Explore all watches

Get connected at a glance

Stay in the moment with smart ways to text, email and see who’s calling, without pulling out your phone.

Rock out while you work out

Download or stream your favorite music right from your wrist so you can stay motivated down to the last mile.3

Make every minute matter

Stay ahead with proactive help

Get proactive and personalized help from Google. Look up commute times, see upcoming reservations, check your flight status and more.4


Works on Android and iPhone

Wear OS works with phones running the latest version of Android (excluding Go edition and phones without Google Play Store) or iOS. Supported features may vary between platforms and countries with compatibility subject to change.

Check if your phone works with Wear OS. Check now

Обзор Galaxy Watch 4 - первые часы на Wear OS 3!

Samsung has brought its Samsung Internet web browser to the new Wear OS-based Galaxy Watch 4 (via 9to5Google). Browsing on a watch doesn’t sound like my ideal way to surf the web for a long period of time, but I could see how it could be useful for small tasks like checking a name or looking up a place.

I don’t have a Galaxy Watch 4, so I can’t give you hands-on experience of how the Samsung Internet browser works. But based on 9to5Google’s testing, it seems like Samsung has thought of some neat tricks to make it possible to navigate the web on your wrist:

An obvious question about a web browser on your wrist is how exactly that tiny, circular display can manage to show full webpages. Samsung’s answer is with gestures. A guide will come up when you navigate to your first webpage that explains a diagonal swipe from either side of the screen will allow users to get to the corners of a webpage. Meanwhile, a swipe up reveals options for bookmarks, “Zoom mode,” and a shortcut to send the webpage directly to your connected phone.

This new browser only adds to what you can already get with the Galaxy Watch 4 series of smartwatches, which we thought were pretty good — as long as you’re already using a Samsung phone, that is. It should be noted that a browser on a smartwatch isn’t new, though; Samsung also has a browser for its Tizen-based smartwatches, and even the Apple Watch has built-in browsing capabilities (though there’s no dedicated Apple Watch version of Safari).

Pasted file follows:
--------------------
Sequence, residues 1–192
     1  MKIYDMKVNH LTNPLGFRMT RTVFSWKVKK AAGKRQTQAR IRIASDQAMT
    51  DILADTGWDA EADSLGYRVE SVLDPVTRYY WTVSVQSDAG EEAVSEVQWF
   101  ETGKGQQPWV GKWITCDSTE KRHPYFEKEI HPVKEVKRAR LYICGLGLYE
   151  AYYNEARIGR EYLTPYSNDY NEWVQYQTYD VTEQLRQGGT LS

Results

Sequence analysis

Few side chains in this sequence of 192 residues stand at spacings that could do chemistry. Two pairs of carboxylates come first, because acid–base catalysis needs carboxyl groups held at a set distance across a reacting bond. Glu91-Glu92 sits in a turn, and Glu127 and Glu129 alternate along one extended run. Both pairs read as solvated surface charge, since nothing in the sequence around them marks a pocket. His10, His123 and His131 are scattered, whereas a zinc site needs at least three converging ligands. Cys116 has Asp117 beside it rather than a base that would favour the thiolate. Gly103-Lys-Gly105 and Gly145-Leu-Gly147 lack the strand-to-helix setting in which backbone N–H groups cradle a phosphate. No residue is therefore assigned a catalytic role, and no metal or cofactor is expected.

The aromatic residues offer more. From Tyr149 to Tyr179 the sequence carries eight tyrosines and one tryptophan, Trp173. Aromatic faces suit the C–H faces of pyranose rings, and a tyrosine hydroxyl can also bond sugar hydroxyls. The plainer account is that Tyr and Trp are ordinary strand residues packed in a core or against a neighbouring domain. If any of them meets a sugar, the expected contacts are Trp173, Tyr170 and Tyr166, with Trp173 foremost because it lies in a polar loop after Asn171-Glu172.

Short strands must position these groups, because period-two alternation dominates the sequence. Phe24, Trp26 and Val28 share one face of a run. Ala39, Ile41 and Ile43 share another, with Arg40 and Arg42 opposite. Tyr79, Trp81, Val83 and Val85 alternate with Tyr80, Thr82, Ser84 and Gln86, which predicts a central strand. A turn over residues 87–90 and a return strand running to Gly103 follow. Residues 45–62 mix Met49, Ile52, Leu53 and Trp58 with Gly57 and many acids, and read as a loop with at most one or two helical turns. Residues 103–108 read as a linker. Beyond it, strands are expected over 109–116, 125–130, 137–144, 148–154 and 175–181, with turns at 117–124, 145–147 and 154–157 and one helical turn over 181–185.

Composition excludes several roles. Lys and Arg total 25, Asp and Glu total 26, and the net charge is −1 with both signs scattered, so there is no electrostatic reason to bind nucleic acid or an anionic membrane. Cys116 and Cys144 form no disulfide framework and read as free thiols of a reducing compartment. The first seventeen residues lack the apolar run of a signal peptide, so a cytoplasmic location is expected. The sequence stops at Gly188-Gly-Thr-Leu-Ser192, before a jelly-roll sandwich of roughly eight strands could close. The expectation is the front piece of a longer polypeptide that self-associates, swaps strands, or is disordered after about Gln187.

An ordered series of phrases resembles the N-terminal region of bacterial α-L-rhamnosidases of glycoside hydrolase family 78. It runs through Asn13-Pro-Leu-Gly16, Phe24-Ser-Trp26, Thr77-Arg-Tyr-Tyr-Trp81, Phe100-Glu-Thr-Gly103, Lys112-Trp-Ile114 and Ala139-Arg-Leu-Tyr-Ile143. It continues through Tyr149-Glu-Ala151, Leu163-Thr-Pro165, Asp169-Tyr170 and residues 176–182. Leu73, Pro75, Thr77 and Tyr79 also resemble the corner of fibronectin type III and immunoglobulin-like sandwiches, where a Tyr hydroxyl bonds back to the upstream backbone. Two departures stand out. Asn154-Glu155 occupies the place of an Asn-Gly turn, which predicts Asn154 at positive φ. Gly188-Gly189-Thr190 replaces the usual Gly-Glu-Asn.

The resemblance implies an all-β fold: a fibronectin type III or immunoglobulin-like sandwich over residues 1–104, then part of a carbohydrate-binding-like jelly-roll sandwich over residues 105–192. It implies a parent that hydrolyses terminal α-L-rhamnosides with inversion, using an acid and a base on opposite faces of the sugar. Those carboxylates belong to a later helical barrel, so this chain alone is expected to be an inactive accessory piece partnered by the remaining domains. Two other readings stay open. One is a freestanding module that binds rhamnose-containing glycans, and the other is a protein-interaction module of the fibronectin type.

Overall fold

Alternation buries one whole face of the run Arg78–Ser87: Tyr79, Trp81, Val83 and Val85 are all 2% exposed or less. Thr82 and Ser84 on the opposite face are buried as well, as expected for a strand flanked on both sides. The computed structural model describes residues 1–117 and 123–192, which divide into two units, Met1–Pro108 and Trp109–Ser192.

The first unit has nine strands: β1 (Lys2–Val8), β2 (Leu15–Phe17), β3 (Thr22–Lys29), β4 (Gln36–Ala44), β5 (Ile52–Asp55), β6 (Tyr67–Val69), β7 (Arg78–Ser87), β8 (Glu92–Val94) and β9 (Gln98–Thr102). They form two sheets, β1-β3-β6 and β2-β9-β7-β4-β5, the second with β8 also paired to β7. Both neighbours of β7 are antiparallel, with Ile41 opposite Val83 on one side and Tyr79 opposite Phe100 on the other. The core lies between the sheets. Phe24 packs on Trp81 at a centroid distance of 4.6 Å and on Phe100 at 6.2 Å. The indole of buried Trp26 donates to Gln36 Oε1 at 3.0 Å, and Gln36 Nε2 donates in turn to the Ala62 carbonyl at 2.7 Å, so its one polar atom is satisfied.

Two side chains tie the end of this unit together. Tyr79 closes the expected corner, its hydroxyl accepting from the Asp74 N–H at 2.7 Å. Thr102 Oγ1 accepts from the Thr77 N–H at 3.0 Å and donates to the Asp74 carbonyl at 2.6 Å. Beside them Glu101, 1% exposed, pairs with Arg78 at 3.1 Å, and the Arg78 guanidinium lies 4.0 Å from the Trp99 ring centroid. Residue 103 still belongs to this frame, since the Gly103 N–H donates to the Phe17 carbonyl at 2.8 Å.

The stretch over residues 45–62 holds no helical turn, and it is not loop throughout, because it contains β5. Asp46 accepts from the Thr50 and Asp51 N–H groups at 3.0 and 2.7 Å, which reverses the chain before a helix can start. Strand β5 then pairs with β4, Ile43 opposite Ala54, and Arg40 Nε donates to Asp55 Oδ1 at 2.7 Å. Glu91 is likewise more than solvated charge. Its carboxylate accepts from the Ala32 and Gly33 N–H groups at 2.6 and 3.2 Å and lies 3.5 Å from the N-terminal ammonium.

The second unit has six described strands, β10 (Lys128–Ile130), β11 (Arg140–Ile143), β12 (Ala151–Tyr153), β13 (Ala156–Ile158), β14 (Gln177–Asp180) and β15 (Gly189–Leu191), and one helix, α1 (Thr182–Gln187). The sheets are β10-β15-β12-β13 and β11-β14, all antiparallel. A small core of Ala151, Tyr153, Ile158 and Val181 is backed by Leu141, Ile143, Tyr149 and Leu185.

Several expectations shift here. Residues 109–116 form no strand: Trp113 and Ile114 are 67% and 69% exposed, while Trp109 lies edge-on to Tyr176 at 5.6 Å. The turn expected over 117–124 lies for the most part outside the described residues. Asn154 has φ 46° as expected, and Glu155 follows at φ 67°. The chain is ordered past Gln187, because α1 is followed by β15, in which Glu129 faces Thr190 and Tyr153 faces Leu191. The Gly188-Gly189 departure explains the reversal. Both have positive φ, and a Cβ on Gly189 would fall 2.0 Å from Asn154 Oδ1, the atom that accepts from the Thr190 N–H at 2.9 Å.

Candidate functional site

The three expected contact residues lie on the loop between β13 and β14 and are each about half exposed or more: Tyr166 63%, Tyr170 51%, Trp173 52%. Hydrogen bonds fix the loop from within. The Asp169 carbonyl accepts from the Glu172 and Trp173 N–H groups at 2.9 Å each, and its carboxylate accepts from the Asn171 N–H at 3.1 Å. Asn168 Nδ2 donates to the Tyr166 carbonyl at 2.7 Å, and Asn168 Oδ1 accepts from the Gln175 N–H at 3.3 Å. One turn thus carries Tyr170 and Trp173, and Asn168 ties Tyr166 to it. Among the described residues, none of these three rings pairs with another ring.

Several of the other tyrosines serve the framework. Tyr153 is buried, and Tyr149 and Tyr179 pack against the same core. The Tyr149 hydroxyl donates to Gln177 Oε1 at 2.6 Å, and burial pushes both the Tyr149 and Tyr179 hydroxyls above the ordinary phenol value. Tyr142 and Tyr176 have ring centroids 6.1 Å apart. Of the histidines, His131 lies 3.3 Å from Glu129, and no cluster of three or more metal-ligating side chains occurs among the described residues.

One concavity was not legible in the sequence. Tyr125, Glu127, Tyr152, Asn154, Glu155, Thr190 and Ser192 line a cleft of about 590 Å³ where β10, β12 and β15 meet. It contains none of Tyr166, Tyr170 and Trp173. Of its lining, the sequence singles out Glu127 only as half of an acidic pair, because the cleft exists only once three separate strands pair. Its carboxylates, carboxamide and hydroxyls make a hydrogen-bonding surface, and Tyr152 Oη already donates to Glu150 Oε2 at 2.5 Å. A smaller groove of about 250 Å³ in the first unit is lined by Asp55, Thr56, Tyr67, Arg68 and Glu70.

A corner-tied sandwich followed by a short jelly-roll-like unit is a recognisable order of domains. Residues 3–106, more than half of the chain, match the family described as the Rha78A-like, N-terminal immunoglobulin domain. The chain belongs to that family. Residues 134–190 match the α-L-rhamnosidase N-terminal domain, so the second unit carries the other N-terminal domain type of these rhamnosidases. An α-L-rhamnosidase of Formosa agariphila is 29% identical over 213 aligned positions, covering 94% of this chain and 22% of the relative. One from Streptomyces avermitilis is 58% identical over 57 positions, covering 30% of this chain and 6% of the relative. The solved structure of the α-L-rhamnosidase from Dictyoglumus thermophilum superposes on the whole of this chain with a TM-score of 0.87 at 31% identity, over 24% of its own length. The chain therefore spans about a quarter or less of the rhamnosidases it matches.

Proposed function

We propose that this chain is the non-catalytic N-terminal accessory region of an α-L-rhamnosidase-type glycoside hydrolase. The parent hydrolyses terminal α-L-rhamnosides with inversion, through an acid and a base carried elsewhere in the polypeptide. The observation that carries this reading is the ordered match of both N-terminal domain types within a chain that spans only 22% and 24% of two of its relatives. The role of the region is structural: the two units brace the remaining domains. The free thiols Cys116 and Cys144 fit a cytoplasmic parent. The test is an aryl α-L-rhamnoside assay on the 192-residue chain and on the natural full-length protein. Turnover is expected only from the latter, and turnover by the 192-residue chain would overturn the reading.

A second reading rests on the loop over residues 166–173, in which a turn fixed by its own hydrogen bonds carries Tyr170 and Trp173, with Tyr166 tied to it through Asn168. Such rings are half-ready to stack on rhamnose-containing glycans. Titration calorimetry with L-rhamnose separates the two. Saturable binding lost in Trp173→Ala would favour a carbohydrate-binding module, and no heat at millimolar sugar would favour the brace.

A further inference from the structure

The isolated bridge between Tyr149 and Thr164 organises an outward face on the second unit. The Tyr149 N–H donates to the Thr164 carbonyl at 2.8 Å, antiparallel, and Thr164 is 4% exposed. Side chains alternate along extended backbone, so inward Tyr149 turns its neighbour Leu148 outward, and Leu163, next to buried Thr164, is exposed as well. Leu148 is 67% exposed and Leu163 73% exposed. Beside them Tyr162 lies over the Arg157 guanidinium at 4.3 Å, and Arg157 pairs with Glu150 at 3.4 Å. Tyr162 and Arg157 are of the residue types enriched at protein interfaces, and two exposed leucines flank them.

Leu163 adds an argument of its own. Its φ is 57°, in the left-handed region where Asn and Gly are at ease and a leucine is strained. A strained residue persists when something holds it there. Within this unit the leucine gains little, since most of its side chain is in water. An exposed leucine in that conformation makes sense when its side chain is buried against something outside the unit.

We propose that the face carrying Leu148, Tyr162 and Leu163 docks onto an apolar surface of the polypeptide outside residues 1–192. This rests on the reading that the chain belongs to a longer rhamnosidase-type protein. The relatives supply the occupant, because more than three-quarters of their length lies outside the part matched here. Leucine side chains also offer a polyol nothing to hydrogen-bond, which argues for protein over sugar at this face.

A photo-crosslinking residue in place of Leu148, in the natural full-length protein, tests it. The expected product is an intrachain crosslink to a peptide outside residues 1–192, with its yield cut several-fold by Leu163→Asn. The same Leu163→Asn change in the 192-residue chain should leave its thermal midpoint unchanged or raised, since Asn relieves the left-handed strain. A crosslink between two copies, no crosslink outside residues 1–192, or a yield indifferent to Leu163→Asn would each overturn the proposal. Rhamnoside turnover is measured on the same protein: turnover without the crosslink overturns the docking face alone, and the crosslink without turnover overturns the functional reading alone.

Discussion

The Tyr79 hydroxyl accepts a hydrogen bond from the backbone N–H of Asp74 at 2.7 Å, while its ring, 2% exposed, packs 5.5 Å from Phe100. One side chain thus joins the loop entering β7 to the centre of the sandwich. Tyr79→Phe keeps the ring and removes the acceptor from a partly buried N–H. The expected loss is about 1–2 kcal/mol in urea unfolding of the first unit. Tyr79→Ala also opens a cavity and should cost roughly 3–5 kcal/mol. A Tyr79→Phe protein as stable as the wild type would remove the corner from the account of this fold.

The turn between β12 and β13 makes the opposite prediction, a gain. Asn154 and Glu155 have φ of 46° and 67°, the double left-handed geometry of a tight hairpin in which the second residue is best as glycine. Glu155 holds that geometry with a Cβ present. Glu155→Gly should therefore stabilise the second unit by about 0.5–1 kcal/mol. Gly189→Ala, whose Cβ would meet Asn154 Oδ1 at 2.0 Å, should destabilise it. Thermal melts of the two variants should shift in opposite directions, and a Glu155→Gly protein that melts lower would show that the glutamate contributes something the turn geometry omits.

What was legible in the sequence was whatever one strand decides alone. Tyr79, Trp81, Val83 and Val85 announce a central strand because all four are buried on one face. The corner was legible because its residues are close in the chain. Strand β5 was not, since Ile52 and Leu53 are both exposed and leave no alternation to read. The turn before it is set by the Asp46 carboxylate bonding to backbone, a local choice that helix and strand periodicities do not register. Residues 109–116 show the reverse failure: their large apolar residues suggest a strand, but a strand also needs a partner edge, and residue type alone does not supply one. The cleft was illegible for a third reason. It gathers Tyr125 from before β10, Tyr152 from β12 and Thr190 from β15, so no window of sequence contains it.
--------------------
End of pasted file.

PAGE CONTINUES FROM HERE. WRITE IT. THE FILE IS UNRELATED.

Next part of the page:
Os samsung wear

5 things to try with Wear OS on the Samsung Galaxy Watch4

Wear OS

Woman wearing red watch with Google Maps

For over a decade, Samsung and Google have worked together to push mobile technology forward across smartphones, tablets and foldables. We both want to bring users the best experiences possible, and as partners, we love a challenge. And now, we’re ready to take our collaboration to the next level with smartwatches. 

Smartwatches are the next step in mobile computing and we’re truly excited about the future of wearables. Today at Unpacked, Samsung unveiled its new Galaxy Watch4 with Wear OS Powered by Samsung. It’s the first smartwatch running on our unified platform.

We’re taking what we’ve learned from Wear OS and Tizen to jointly build what smartwatch users need. Compared to previous Wear OS smartwatches, the Galaxy Watch4 features a 2.5x shorter set up experience, up to 40 hours of battery life, optimized performance with app launch times 30 percent faster than before and access to a huge ecosystem of apps and services.

And there are more ways to get more done from your wrist with Wear OS. We’re introducing more capabilities and a fresh new look based on Material You design language for Google Maps, Messages by Google and Google Pay apps as well as launching a YouTube Music app. There are also new apps and Tiles coming to Wear OS for quicker access to your favorites. Let’s get into the details: